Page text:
What Are the Health Benefits of Avocados?

Photo Courtesy: Oscar Wong/Moment/Getty Images

Although they were once avoided due to their high fat content, avocados have become increasingly trendy — and sought after. This uptick in excitement around avocados stems, in part, from recent nutrition research, which found that the type of fat contained in avocados can be beneficial to one’s health. Moreover, avocados may even help prevent certain diseases and health conditions due to their impressive nutrients and vitamins.

Vitamins and Nutrients Found in Avocados

Avocados are filled with vitamins and nutrients that can be beneficial when consumed as part of a balanced diet. Eating an avocado can help you take in:

Photo Courtesy: d3sign/Moment/Getty Images
  • Vitamin A
  • Vitamin C
  • Vitamin E
  • Vitamin K
  • Vitamin B6
  • Potassium
  • Lutein
  • Folate (Vitamin B9)
  • Monounsaturated fat

Vitamins A, C and E all act as antioxidants that can help prevent cell damage in the body. Avocados also contain a significant amount of potassium — even more than an average-sized banana. Additionally, vitamins A, E, and K are fat-soluble, meaning that they require fats to be digested and broken down in the body. The fats contained in avocados and avocado oil are predominantly monounsaturated. These monounsaturated fats are necessary sources of energy in the body, and also play important roles in cell development and protection, as well as nutrient absorption.

Furthermore, adding avocado to your diet during pregnancy can be beneficial for fetal development. For example, folate is critical for the proper development of a baby’s brain and tissues. Additionally, vitamin B6 helps to reduce the nausea often associated with pregnancy.

Avocados Can Lower Your Risk for Serious Health Conditions

While you may be familiar with the vitamins and nutrients found in avocados, you may not know that they can help stave off serious medical conditions and events, including:

Photo Courtesy: Oscar Wong/Moment/Getty Images

Heart Disease and Strokes: Since avocados contain almost a quarter of the recommended daily intake of folate, they are excellent for helping to prevent heart disease and strokes. The high potassium content in avocados is useful in regulating blood pressure and supporting muscle and cardiac function. Consuming avocados may also help to increase levels of HDL cholesterol, which can play a role in preventing certain circulatory conditions including high blood pressure, heart disease or strokes.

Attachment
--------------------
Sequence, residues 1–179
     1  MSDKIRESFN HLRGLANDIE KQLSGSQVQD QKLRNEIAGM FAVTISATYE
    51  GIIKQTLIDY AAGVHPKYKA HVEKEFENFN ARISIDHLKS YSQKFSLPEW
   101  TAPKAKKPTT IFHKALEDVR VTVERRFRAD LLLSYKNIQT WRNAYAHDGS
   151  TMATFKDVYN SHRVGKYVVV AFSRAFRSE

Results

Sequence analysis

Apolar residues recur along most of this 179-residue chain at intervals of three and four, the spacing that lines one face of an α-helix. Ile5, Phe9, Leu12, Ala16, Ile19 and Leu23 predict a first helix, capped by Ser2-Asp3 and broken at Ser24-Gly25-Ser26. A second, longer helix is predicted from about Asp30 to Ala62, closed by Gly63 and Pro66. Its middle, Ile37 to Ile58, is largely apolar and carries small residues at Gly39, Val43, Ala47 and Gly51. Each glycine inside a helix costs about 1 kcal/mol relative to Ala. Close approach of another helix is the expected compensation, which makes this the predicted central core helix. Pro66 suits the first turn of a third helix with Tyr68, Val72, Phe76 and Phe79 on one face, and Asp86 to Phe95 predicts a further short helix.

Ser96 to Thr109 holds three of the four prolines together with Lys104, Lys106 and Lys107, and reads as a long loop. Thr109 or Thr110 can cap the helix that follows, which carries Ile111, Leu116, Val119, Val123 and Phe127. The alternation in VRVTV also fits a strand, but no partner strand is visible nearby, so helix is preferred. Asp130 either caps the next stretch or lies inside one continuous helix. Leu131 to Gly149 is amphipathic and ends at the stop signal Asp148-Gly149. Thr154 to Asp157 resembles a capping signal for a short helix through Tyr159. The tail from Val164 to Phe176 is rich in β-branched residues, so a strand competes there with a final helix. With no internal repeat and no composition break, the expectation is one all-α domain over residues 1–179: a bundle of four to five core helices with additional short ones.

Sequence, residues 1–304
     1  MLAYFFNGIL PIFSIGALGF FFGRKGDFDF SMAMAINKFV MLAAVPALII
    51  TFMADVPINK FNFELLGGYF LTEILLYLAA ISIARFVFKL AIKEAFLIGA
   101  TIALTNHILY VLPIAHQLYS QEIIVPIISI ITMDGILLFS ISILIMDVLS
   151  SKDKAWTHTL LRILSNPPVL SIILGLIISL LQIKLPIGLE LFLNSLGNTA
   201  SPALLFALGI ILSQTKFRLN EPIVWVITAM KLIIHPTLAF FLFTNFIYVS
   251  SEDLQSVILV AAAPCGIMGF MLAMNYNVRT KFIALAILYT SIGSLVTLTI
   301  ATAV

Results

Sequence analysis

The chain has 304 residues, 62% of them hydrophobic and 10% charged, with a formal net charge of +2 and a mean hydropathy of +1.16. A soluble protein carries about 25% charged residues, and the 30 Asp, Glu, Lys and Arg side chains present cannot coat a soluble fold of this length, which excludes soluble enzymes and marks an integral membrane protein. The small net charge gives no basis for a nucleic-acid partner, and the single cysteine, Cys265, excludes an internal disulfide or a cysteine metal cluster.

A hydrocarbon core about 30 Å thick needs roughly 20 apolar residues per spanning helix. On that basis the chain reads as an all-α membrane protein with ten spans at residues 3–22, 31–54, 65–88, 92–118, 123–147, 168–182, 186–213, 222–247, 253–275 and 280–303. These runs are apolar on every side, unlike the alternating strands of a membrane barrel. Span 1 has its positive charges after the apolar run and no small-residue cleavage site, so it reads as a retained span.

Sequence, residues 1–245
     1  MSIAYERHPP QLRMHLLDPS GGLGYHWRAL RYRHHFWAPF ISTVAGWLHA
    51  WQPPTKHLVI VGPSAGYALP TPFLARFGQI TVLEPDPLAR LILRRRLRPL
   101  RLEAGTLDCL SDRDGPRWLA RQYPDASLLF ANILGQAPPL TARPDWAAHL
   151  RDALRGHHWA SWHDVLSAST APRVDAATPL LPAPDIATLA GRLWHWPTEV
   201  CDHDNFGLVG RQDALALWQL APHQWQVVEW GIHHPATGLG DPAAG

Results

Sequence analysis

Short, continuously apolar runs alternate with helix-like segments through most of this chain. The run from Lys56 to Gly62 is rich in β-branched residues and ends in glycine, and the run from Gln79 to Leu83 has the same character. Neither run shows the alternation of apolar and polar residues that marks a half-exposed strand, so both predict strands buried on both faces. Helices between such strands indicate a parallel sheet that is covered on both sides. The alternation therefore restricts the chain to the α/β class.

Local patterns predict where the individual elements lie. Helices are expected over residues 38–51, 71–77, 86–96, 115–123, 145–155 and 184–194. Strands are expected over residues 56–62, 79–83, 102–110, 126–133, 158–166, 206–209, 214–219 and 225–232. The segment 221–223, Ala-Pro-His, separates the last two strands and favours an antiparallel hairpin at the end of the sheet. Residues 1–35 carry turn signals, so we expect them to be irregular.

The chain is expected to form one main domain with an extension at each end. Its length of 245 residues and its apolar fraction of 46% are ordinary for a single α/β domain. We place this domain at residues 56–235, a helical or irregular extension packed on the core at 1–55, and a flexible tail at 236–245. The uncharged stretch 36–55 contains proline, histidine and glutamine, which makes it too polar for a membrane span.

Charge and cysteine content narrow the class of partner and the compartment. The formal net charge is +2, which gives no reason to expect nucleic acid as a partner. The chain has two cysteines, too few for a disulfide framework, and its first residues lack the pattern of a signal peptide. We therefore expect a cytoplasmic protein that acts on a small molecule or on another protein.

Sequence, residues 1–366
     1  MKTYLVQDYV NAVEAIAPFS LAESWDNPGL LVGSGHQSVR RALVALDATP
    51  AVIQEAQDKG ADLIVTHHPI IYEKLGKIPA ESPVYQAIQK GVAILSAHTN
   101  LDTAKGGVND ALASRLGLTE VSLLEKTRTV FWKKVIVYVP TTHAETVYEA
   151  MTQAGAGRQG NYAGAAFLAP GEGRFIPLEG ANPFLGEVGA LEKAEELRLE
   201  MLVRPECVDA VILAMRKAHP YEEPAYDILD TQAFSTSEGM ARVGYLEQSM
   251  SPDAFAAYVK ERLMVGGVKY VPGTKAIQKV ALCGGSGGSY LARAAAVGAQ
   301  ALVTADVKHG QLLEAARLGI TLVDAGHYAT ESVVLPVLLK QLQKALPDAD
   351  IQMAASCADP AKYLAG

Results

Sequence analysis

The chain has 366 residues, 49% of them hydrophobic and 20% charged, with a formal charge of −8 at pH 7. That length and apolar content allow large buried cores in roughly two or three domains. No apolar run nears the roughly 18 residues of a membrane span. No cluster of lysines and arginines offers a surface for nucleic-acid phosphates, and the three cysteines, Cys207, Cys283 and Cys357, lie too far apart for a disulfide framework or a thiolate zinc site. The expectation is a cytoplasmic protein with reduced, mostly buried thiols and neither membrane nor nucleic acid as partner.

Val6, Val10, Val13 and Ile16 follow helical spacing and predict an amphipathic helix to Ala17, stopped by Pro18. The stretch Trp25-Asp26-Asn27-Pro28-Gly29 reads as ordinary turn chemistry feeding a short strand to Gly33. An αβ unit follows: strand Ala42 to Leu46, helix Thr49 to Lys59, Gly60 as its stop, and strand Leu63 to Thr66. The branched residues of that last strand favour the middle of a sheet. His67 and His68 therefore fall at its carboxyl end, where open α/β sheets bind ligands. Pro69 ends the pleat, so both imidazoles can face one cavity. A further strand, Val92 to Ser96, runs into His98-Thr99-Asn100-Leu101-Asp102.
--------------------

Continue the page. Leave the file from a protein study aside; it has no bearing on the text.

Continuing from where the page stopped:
Certain Types of Cancer: Additionally, avocado extracts contain elements that have been linked to the prevention of certain types of cancer. For example, phytonutrients in avocados may work to prevent proliferation of colorectal cancer cells. Elements contained in avocados have been shown to damage cancer cell lines in breast, liver, lung, ovary and prostate tissue.

Cataracts or Macular Degeneration: A carotenoid called lutein found in avocados has been linked to better eye health. In fact, it may help to prevent serious eye diseases like age-related macular degeneration and cataracts. Therefore, eating avocados regularly may help to maintain vision during the aging process.

Osteoarthritis and Rheumatoid Arthritis: Avocados are also well-known for their anti-inflammatory properties. The combination of nutrients like carotenoids, antioxidants, and omega-3 fatty acids make avocados a great food to eat for those living with osteoarthritis or rheumatoid arthritis. The nutrients found in avocados may help to prevent or relieve the inflammatory symptoms associated with these diseases.

Keep in mind that, while they can be beneficial for your health, avocados alone should not be used as a treatment for any particular condition or disease. As always, consult your doctor if you would like to incorporate avocados into your treatment or health regimen.

Resource Links:

  • “The Odyssey of Bioactive Compounds in Avocado (Persea americana) and Their Health Benefits” via the U.S. National Library of Medicine, National Institutes of Health
  • “Avocado consumption and risk factors for heart disease: a systematic review and meta-analysis” via National Library of Medicine
  • “Facts about monounsaturated fats” via MedlinePlus
  • “Pulp, Leaf, Peel and Seed of Avocado Fruit: A Review of Bioactive Compounds and Healthy
  • Benefits” via Food Reviews International
  • “Lipid-rich extract from Mexican avocado… induces apoptosis and modulates the inflammatory response in Caco-2 human colon cancer cells” via Journal of Functional Foods, Science Direct
  • “The Effect of Lutein on Eye and Extra-Eye Health” via the U.S. National Library of Medicine, National Institutes of Health
  • “The Forgotten Fruit: A Case for Consuming Avocado Within the Traditional Mediterranean Diet” via the U.S. National Library of Medicine, National Institutes of Health